BlackBerry held its 2nd annual Security Summit for analysts and journalists today in New York City. The event included a briefing for attendees that was webcast and also live-tweeted from @BlackBerry4Biz using the hashtag #BBSecurity (and became a trending topic on Twitter earlier today), as well as demonstrations of BlackBerry’s broad security platform (see above).
As with last year, the timing was good. In 2014, BlackBerry announced the acquisition of secure voice communications vendor Secusmart a day before the Summit. This year, we announced the purchase of crisis communications provider AtHoc yesterday.
BlackBerry CEO and Executive Chairman John Chen (follow his newish Twitter handle at @JohnChen) kicked off the proceedings. Chen said BlackBerry has invested more than $100 million in the past year to build up its security solutions.
Why? Simply because the demand is there, judging by the slide shown by Chen above, listing some major security breaches in the last 18 months. High-profile breaches haven’t abated, and arguably, are accelerating (even among highly-touted, well-funded startups).
The ongoing breaches show that enterprises, even those operating in regulated industries such as government, financial and healthcare, continue to struggle with security, said Chief Security Officer David Kleidermacher (above).
That’s worrisome as we enter the Internet of Things era. Take emerging ‘smart hospitals’: not only does the proliferation of new types of life-saving medical devices help save lives, it also “creates an incredible surface area for attacks,” said Kleidermacher, who demonstrated such an attack later.
To combat these threats, Kleidermacher outlined five ways that BlackBerry’s approach to security is different – and better – than the mainstream:
Not only is BlackBerry security approach distinctive, but our broad end-to-end platform is easier to manage and offers a lower Total Cost of Ownership, Kleidermacher said.
That customer deployed BES12 to manage a multi-OS set of employee mobile devices and BBM Protected for secure messaging, according to Holleran.
Vice-President of Product Management Tim Choi highlighted statistics showing that 50% of a typical company’s business processes are run via files, and 80% of a typical enterprise’s data is stored in files – everything from PowerPoints about company strategy, PDFs with car engine designs, budget and financial forecasting spreadsheets. With solutions such as BlackBerry’s recently-acquired WatchDox, security gets embedded into the files, controlling who can access a file and what they can do with it (i.e. print, copy, paste, etc.).
According to Christoph Erdmann (above), Senior Vice-President of Secusmart Secure Voice, the BlackBerry subsidiary has government customers on 5 different continents today. It is working on getting customers onto a sixth continent, he said. Secusmart earlier this spring introduced a business-oriented version of its encrypted voice communications service.
“We’ve taken the security DNA on a BlackBerry device platform and transferred it a cross-platform, software and hosted solution that can be sold through carriers,” Erdmann said. Vodafone is BlackBerry’s first carrier partner for the service.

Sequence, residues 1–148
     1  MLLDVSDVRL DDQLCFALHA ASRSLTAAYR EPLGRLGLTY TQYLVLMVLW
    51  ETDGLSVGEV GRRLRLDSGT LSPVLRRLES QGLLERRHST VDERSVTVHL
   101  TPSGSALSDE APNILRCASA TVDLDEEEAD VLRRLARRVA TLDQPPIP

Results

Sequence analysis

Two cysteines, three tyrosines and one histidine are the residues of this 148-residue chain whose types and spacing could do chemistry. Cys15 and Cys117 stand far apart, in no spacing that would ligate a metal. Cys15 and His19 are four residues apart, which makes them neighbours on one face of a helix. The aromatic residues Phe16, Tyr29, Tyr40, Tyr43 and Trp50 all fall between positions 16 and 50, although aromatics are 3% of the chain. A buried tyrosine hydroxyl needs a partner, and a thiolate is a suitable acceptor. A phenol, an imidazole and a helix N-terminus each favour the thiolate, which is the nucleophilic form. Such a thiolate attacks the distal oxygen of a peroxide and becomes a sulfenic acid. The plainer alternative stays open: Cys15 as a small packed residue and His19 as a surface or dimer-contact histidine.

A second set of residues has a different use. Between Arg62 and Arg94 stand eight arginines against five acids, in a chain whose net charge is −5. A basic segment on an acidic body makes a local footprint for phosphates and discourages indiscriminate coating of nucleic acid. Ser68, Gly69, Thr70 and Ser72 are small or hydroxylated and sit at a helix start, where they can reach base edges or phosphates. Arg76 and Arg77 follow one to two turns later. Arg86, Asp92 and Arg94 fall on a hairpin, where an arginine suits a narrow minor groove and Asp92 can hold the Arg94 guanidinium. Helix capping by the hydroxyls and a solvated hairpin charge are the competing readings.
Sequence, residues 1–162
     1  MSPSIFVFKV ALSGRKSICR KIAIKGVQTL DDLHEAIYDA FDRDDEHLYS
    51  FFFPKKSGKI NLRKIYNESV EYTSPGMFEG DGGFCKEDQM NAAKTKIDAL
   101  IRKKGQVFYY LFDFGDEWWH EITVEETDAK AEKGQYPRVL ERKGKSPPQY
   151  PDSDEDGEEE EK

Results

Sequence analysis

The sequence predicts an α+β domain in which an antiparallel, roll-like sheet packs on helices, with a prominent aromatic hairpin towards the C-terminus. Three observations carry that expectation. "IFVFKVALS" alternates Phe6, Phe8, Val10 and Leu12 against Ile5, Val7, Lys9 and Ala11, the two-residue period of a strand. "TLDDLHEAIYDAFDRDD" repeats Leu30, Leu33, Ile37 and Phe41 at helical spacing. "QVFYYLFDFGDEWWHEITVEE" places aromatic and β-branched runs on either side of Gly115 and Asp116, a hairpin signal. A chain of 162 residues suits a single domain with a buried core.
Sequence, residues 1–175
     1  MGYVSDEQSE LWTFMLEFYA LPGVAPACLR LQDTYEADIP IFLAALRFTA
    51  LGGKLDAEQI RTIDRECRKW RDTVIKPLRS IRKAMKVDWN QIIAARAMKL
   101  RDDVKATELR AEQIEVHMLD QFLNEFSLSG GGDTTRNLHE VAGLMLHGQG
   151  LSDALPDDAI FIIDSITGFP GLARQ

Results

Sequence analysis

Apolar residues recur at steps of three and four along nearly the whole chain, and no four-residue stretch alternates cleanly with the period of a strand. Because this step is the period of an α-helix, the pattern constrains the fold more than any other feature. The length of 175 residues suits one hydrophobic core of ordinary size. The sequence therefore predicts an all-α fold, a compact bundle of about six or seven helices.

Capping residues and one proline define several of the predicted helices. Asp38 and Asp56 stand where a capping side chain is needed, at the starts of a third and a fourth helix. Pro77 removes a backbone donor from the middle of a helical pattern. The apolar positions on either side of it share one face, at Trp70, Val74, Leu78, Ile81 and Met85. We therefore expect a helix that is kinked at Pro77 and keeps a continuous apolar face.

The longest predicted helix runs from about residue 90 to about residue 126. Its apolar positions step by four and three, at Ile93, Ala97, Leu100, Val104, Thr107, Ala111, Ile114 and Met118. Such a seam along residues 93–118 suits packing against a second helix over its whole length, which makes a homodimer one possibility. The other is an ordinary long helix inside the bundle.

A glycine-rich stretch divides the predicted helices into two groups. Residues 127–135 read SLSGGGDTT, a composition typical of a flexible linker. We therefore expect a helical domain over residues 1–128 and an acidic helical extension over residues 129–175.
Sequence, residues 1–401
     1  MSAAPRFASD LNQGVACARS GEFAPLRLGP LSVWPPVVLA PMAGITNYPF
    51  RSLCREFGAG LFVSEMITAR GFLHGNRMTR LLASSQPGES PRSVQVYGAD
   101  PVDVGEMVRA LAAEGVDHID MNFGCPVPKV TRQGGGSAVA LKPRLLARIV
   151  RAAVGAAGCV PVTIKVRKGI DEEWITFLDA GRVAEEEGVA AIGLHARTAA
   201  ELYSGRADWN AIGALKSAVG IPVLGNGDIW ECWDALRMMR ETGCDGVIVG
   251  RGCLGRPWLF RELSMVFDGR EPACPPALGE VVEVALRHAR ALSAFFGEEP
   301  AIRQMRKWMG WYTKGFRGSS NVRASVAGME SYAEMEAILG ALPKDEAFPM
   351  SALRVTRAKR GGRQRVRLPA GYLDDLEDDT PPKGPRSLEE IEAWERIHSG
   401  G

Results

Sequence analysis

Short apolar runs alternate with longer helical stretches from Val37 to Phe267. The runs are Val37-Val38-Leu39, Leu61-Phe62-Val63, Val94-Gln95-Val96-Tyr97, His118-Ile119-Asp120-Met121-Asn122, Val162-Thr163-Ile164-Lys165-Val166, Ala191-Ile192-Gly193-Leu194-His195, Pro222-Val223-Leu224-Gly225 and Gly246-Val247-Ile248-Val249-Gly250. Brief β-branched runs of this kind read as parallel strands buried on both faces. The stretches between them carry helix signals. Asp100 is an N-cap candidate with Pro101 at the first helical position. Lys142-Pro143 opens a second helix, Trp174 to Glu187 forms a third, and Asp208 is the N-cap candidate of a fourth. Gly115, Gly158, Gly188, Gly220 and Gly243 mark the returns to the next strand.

AtHoc CEO Guy Miasnik came up next. The decade-old Silicon Valley startup has amassed a large set of customers, mostly U.S. federal government agencies such as the TSA, NASA, USDA, U.S. Army, and more.
According to Miasnik, more than 3 million U.S. federal government personnel are connected via AtHoc’s communications service, which sends alerts to their devices. Though AtHoc is starting to get customers outside of the U.S. such as the Canadian Parliament, Miasnik said the acquisition by BlackBerry will help provide the global reach it lacks today.
“That sealed the deal for me. It simply makes sense,” he said.
Chief Operating Officer Marty Beard talked about how BlackBerry is aiming its security and privacy solutions beyond the mobile arena into the Internet of Things and Machine-to-Machine (M2M).
As the forecasts shown by Beard depict, IoT and M2M are huge opportunities.
Well-known industry analyst Bob Egan (above, left) then hosted a panel with three BlackBerry customers (from left): Jason Lamont, Managing Director of IT Enterprise Innovation for ATB Financial, Richard Tam, Vice-President and Chief Administration Officer for Mackenzie Richmond Hospital, and Dr. David Whitehouse, Chief Medical Officer and Head of Digital Health Transformation for UST Global.
Lamont said that ATB was able to centralize 3 mobile security software products onto a single BlackBerry solution, which he says “shrinks the attack points” against hackers and is easier to manage. Watch this video to see more customer testimonials or check out case studies at our blog.
CSO Kleidermacher (right) re-emerged on the stage to oversee a demonstration by BlackBerry security expert Graham Murphy (center) of how to hack into a medical device – an infusion pump that controls what kind of drugs and painkillers are given to patients, and the rate. Altering the rate of drug delivery could hurt a patient but taking down such a machine could be lethal for the patient. But as medical devices become smarter and more connected, they also potentially become a “soft underbelly” for attackers, said Kleidermacher, if they are not secured from the ground up.
New President for Global Sales, Carl Wiese, also made a quick appearance on stage at the Security Summit. Wiese joins from Cisco Systems, where he headed up sales for Cisco’s $4-billion-a-year collaboration unit.
As mentioned earlier, the full video of the webcast of the Summit, along with individual speakers, will be posted later today. Come back to this blog or check out our YouTube or BlackBerry4Biz Twitter channels to see them.